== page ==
On February 2 the rain let up, although the sky remained overcast and there were occasional showers. I walked off with my rifle for a couple of leagues; at that distance, from a slight hillock, the mist columns of the falls were conspicuous in the landscape. The only mammal I saw on the walk was a rather hairy armadillo, with a flexible tail, which I picked up and brought back to Miller—it showed none of the speed of the nine-banded armadillos we met on our jaguar-hunt. Judging by its actions, as it trotted about before it saw me, it must be diurnal in habits. It was new to the collection.
I spent much of the afternoon by the waterfall. Under the overcast sky the great cataract lost the deep green and fleecy-white of the sunlit falling waters. Instead it showed opaline hues and tints of topaz and amethyst. At all times, and under all lights, it was majestic and beautiful.
Colonel Rondon had given the Indians various presents, those for the women including calico prints, and, what they especially prized, bottles of scented oil, from Paris, for their hair. The men held a dance in the late afternoon. For this occasion most, but not all, of them cast aside their civilized clothing, and appeared as doubtless they would all have appeared had none but themselves been present. They were absolutely naked except for a beaded string round the waist. Most of them were spotted and dashed with red paint, and on one leg wore anklets which rattled. A number carried pipes through which they blew a kind of deep stifled whistle in time to the dancing. One of them had his pipe leading into a huge gourd, which gave out a hollow, moaning boom. Many wore two red or green or yellow macaw feathers in their hair, and one had a macaw feather stuck transversely through the septum of his nose. They circled slowly round and round, chanting and stamping their feet, while the anklet rattles clattered and the pipes droned. They advanced to the wall of one of the houses, again and again chanting and bowing before it; I was told this was a demand for drink. They entered one house and danced in a ring around the cooking-fire in the middle of the earth floor; I was told that they were then reciting the deeds of mighty hunters and describing how they brought in the game. They drank freely from gourds and pannikins of a fermented drink made from mandioc which were brought out to them. During the first part of the dance the women remained in the houses, and all the doors and windows were shut and blankets hung to prevent the possibility of seeing out. But during the second part all the women and girls came out and looked on. They were themselves to have danced when the men had finished, but were overcome with shyness at the thought of dancing with so many strangers looking on. The children played about with unconcern throughout the ceremony, one of them throwing high in the air, and again catching in his hands, a loaded feather, a kind of shuttlecock.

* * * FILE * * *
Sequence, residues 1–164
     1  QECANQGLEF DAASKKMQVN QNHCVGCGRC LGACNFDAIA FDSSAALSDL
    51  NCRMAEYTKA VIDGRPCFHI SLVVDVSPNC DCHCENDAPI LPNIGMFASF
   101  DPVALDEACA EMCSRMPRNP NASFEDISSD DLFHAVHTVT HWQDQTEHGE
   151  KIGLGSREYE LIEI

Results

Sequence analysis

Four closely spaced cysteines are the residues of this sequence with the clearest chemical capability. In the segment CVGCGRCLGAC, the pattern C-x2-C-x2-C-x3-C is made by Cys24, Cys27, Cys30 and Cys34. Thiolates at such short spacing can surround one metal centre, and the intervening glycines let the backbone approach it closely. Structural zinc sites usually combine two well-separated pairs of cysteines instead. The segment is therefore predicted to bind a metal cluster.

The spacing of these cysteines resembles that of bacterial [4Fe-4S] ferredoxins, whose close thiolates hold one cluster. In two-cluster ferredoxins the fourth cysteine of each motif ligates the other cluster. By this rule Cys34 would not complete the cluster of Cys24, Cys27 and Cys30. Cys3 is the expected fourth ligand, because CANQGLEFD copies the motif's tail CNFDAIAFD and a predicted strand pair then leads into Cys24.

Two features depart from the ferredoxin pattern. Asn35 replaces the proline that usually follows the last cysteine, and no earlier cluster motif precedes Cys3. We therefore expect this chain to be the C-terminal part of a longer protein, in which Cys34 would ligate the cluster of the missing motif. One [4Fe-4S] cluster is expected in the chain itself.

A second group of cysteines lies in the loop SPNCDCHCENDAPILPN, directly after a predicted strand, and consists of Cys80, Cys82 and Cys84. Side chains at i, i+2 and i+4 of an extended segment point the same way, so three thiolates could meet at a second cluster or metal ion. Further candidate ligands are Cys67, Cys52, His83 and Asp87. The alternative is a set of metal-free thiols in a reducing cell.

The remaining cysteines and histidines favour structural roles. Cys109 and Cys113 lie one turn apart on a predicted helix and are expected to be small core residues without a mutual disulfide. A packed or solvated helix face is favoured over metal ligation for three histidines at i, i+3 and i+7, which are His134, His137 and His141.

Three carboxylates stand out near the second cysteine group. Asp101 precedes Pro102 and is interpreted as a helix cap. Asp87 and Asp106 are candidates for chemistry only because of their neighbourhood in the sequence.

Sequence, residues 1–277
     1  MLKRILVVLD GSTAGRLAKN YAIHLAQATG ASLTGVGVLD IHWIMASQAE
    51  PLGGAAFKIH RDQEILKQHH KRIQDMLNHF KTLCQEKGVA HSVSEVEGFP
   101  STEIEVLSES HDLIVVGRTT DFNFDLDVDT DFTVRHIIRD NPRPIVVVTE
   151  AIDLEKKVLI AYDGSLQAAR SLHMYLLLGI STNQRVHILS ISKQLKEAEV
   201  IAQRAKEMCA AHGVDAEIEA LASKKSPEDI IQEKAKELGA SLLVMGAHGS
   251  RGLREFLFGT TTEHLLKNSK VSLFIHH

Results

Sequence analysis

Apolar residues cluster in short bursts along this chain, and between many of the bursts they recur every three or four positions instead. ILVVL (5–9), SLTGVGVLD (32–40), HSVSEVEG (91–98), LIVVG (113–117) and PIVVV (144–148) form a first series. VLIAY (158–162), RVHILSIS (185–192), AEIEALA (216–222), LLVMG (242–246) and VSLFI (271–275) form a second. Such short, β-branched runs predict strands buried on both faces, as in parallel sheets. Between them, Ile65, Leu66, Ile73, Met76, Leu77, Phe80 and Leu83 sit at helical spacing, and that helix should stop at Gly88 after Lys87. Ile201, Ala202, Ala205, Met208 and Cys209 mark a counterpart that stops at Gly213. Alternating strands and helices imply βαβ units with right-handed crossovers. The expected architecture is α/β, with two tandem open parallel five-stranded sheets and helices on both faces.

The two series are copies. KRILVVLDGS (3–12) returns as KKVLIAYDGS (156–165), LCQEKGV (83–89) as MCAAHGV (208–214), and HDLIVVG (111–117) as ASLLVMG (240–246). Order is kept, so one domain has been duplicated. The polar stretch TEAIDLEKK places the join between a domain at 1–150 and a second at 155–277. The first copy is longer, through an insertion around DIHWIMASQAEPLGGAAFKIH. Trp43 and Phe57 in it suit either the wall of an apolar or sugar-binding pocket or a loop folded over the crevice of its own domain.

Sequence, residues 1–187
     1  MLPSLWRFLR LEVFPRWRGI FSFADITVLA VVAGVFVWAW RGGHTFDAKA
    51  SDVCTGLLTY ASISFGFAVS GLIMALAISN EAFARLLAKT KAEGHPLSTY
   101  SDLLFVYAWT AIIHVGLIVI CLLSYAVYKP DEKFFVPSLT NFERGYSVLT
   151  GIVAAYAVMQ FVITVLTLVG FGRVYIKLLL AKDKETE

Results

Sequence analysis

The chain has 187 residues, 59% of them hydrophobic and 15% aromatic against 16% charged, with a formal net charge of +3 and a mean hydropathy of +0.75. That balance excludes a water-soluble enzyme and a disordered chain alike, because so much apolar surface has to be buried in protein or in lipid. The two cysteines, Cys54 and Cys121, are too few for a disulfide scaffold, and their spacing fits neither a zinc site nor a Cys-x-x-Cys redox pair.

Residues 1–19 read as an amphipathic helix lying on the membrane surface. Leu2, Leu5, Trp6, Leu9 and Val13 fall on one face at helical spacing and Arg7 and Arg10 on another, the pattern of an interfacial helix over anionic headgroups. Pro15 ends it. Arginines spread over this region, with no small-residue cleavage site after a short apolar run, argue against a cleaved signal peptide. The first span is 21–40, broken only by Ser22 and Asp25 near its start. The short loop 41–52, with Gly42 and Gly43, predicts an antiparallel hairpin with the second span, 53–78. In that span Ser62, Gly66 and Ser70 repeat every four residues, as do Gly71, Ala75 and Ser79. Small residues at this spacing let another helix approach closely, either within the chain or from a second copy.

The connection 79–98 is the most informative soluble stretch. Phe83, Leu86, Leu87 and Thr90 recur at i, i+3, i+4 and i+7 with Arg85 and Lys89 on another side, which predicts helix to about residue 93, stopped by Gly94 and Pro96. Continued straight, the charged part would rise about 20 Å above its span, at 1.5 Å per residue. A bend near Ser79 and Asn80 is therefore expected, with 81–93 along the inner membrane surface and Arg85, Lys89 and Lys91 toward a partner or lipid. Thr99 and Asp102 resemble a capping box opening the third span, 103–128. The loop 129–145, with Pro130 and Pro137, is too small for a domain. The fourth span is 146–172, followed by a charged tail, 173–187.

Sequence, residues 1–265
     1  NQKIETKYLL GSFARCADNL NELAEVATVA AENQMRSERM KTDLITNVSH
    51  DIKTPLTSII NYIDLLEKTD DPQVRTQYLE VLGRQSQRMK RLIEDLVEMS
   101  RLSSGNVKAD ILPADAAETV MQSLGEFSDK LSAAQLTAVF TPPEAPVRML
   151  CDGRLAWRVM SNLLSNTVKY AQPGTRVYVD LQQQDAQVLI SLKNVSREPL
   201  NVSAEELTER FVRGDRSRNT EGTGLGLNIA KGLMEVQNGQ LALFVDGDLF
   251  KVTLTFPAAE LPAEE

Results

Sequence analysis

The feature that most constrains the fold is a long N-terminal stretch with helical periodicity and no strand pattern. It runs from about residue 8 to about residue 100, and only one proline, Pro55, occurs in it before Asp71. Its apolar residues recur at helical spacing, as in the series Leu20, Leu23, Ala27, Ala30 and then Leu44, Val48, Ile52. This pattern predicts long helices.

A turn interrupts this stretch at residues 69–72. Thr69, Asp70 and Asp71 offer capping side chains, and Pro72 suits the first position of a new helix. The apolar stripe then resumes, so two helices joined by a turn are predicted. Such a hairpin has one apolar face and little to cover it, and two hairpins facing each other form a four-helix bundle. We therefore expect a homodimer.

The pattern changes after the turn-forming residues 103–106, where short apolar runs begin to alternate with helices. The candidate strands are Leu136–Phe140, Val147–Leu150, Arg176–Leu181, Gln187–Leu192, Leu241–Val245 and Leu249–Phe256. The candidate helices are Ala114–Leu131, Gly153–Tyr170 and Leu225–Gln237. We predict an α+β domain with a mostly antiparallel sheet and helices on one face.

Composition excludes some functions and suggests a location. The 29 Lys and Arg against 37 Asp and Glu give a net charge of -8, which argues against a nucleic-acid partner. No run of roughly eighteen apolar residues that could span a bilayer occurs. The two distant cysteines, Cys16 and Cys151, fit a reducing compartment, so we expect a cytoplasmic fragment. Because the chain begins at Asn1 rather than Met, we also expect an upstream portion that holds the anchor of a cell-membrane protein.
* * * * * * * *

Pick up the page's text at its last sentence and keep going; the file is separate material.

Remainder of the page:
In the evening the growing moon shone through the cloud-rack. Anything approaching fair weather always put our men in good spirits; and the muleteers squatted in a circle, by a fire near a pile of packs, and listened to a long monotonously and rather mournfully chanted song about a dance and a love-affair. We ourselves worked busily with our photographs and our writing. There was so much humidity in the air that everything grew damp and stayed damp, and mould gathered quickly. At this season it is a country in which writing, taking photographs, and preparing specimens are all works of difficulty, at least so far as concerns preserving and sending home the results of the labor; and a man’s clothing is never really dry. From here Father Zahm returned to Tapirapoan, accompanied by Sigg.